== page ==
Information for Healthcare Professionals
Haloperidol (marketed as Haldol, Haldol Decanoate and Haldol Lactate)
ALERT [9/2007]: This Alert highlights revisions to the labeling
for haloperidol (marketed as Haldol, Haldol Decanoate and Haldol
Lactate). The updated labeling includes WARNINGS stating that Torsades de Pointes and QT
prolongation have been observed in patients receiving haloperidol,
especially when the drug is administered intravenously or in higher
doses than recommended. Haloperidol is not approved for intravenous use.
information reflects FDA’s current analysis of data available to FDA
concerning this drug. FDA intends to update this sheet when additional
information or analyses become available.
report any unexpected adverse or serious events associated with the use
of this drug, please contact the FDA MedWatch program and complete a
form on line at http://www.fda.gov/medwatch/report/hcp.htm
or report by fax to 1-800-FDA-0178, by mail using the postage-paid
address form provided on line, or by telephone to 1-800-FDA-1088.
advisory addresses the risk of QT prolongation and Torsades de Pointes
(TdP) in patients treated with haloperidol (a butryphenone
antipsychotic), especially when given intravenously.
Recommendations and considerations for healthcare professionals:
Although injectable haloperidol is approved by the FDA only for intramuscular injection, there is considerable evidence from the medical literature that intravenous administration of
haloperidol is a relatively common “off-label” clinical practice,
primarily for treatment of severe agitation in intensive care units.
Due to a number of case reports of sudden death, TdP and QT
prolongation in patients treated with haloperidol (especially when the
drug is given intravenously or at doses higher than recommended), the
sponsor has updated the labeling for haloperidol. The updated
WARNINGS note that:
doses and intravenous administration of haloperidol appear to be
associated with a higher risk of QT prolongation and TdP.
cases of sudden death, TdP and QT prolongation have been reported even
in the absence of predisposing factors, particular caution is advised
in treating patients using any formulation of haloperidol who:
- have other QT-prolonging conditions, including electrolyte imbalance (particularly hypokalemia and hypomagnesemia),
- have underlying cardiac abnormalities, hypothyroidism, or familial long QT syndrome, or
- are taking drugs known to prolong the QT interval.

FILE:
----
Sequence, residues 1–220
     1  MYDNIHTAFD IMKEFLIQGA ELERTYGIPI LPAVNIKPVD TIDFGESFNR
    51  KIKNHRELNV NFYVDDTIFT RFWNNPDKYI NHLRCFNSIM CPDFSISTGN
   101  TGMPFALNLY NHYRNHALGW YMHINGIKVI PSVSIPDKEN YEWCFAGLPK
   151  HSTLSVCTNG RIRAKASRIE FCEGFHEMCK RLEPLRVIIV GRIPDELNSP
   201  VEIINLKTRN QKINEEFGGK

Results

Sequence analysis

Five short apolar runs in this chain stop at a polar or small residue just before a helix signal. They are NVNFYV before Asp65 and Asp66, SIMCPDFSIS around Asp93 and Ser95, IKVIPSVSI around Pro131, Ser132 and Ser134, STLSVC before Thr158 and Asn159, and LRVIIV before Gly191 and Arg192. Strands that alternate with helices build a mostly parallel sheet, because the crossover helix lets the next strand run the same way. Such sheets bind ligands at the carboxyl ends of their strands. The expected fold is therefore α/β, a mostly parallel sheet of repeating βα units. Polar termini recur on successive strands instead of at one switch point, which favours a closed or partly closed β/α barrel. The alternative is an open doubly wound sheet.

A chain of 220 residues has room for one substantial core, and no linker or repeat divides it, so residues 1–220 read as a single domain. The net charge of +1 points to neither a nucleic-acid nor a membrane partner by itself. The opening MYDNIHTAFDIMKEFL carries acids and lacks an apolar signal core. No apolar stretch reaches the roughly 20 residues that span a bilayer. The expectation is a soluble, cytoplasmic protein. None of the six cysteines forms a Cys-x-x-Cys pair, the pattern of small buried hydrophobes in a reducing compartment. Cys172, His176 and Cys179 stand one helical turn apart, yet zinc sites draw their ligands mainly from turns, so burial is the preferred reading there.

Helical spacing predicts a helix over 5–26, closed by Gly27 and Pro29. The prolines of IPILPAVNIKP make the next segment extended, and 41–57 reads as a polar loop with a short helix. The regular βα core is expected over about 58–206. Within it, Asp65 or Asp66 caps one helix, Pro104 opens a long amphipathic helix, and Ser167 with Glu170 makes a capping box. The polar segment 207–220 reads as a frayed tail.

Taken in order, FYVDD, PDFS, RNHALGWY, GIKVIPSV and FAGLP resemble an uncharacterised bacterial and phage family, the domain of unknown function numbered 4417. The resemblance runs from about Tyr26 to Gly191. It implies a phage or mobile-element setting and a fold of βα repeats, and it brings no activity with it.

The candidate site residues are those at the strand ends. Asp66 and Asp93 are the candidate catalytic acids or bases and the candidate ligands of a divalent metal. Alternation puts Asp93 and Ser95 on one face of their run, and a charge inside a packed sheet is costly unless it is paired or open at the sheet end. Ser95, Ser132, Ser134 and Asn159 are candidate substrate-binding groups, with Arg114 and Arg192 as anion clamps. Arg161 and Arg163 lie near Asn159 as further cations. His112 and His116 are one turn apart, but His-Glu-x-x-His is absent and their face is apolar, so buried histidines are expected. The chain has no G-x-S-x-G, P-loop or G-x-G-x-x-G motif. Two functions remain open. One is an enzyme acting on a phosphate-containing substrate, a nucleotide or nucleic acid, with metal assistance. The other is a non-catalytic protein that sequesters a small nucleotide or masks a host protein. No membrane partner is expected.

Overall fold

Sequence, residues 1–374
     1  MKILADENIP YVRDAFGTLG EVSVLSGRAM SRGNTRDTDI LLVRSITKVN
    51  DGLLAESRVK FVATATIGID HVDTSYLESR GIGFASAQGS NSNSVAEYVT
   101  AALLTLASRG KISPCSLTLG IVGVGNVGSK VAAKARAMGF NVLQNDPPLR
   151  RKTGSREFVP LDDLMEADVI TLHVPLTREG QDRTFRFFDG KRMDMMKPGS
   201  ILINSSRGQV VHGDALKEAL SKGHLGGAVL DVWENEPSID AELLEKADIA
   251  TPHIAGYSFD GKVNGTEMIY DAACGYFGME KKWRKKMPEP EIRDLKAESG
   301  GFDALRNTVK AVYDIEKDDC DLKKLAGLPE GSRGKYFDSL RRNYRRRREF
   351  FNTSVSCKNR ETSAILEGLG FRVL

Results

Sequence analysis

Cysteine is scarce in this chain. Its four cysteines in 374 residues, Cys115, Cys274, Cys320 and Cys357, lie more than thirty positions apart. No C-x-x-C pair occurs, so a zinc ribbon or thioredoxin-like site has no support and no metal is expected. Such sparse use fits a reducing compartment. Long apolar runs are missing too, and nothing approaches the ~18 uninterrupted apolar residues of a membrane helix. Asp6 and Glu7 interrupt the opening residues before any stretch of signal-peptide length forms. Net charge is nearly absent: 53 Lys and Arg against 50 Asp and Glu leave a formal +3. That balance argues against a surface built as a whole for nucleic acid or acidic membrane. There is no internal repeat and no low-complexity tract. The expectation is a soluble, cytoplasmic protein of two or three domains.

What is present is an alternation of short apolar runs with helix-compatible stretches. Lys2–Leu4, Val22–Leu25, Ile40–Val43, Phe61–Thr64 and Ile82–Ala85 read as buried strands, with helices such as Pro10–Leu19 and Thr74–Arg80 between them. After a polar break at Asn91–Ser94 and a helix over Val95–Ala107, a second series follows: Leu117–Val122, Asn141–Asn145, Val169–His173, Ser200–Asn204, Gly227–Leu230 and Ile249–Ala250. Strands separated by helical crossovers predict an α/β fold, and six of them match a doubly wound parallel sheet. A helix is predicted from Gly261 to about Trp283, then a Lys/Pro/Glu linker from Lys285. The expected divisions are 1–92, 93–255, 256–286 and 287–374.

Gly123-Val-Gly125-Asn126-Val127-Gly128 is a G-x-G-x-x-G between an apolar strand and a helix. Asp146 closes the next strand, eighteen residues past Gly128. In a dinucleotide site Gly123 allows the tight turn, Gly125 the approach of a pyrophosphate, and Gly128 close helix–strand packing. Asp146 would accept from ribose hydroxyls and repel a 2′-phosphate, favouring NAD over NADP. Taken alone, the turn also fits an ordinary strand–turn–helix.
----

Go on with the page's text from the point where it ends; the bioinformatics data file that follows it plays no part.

- Because of this risk of TdP and QT prolongation, ECG monitoring is recommended if haloperidol is given intravenously.
- Haloperidol is not approved for intravenous administration.
are at least 28 case reports of QT prolongation and TdP in the medical
literature, some with fatal outcome in the context of off-label
intravenous use of haloperidol. In addition to these cases,
case-control studies have demonstrated a dose-response relationship
between intravenous haloperidol dose and subsequent TdP. Based on
this information, as well as the biologic plausibility of QT
prolongation with intravenous haloperidol, FDA has strengthened
warnings in the haloperidol labeling with regard to the risk of TdP and
QT prolongation with intravenous haloperidol use.
the request of the Pharmacovigilance Department of the Italian Drug
Agency (AIFA), the sponsor (Johnson & Johnson) performed two
post-marketing analyses of QT interval prolongation and TdP with
haloperidol administration (oral or injectable). In one analysis,
the sponsor searched their Benefit Risk Management worldwide safety
database for QT prolongation -related adverse event reports received
through June 30, 2005. This search identified 229 reports, many
of which the sponsor described as confounded by concomitant
QT-prolonging drugs or medical conditions. The reports included
73 cases of TdP, eleven of which were fatal. Eight of the eleven
fatal cases involved intravenous administration of various doses of
In March 2007 the sponsor
submitted to FDA the results of a second post-marketing investigation
conducted for the Italian drug authority1. This report
examined cardiac adverse events with haloperidol decanoate received by
the sponsor as of July 30, 2005. The sponsor found thirteen
reports including TdP, QT prolongation, ventricular arrhythmias and/or
Based on case
reports alone, we are unable to estimate the frequency with which QT
prolongation or TdP occur following administration of these
professionals should consider this new risk information when making
individual treatment decisions for their patients. FDA will
continue to monitor post-marketing reports for QT prolongation and
Torsades de Pointes in patients treated with haloperidol, and will
analyze any additional data for this as well as other important adverse
events. FDA will consider further regulatory action and
communication as additional information becomes available.
NDA 20-919 (Haloperidol). QT Prolongation in Association with the
Use of Haloperidol Decanoate: a Response to the Pharmacovigilance
Department of the Italian Drug Agency. Prepared by Johnson &
Johnson Pharmaceutical Research and Development, L.L.C. Dated
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Date created: September 17, 2007